Career Development Forum – June 2022

Instructions:  A customer makes an appointment with you to find work. The individual needs assistance with housing and meals.

Answer these questions:

1. To whom in your local area do you refer them for this assistance?

2. What techniques have you found especially helpful to use in an intake interview to discover barriers that a customer might be facing? Describe 1-2 techniques you use that work well for you.

Make one original post and then respond to 1 team member’s post. You will make a total of two posts. For your original post, responds in a paragraph or two for the 2 questions. For your 2nd post, respond in several sentences.

Remember that our learning group works in a full value environment: We treat our colleagues with respect and professionalism. Our comments should reflect this culture.

37 thoughts on “Career Development Forum – June 2022”

  1. Mandolynwitnik says:

    United Way of Greater Cleveland
    Social services organization in Cleveland, Ohio
    Address: 1331 Euclid Ave, Cleveland, OH 44115
    Hours: 24hrs
    Closed ⋅ Opens 8:30AM Mon
    Phone: (216) 436-2100
    2. I found that letting a client know during intake that we have resources such as food, clothing and baby items if needed, will give them the courage to say so. We also have health and wellness sites for counseling. I just mention it. A client who needs help after we establish trust will tell me. During Covid we had a lot of clients asking for services.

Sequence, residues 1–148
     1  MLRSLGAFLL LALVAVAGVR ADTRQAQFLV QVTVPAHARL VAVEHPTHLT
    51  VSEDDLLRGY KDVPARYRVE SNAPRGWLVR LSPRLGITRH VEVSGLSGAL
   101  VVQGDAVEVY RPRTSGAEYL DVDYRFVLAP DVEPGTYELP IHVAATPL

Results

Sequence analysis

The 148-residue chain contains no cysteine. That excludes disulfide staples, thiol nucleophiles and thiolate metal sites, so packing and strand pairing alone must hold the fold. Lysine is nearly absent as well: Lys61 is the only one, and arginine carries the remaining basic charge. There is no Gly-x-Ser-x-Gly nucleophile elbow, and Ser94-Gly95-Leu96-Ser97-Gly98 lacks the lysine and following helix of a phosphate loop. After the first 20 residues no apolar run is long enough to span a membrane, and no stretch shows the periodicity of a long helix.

1. LORI says:

      I agree, establishing a connection with the client is key. I like the fact that you offer the services up front. This puts the ball in their court to receive the help if needed. Covid brought on a lot of issues that we have never had to deal with before. We did not see clients face to face during that time so it was more difficult to assess the needs of our clients.

    2. sbennett says:

      We found after Covid so many clients that needed resources but no clue where to start looking. It is awesome that you guys start off giving out resource information. Even if they do not need the resources, it is still nice to let them know, because they may have family or friends that need the resources, and not sure where they need to go.

    3. tyhoward says:

      I agree with you technique letting the participant know upfront what resource you offer. You would be amazed at their reaction, and they will also be a marketer for you and your program. I have found that a lot of people is not familiar with what we offer and how we can help them in other areas.

    4. amoccia says:

      Yes, I think often you don’t know what the client needs or they don’t divulge it to you right away. Being able to bring all the resources up regardless of if you think they need the service or not may spark something in them and they will reach out for the help.

    5. Cmatney says: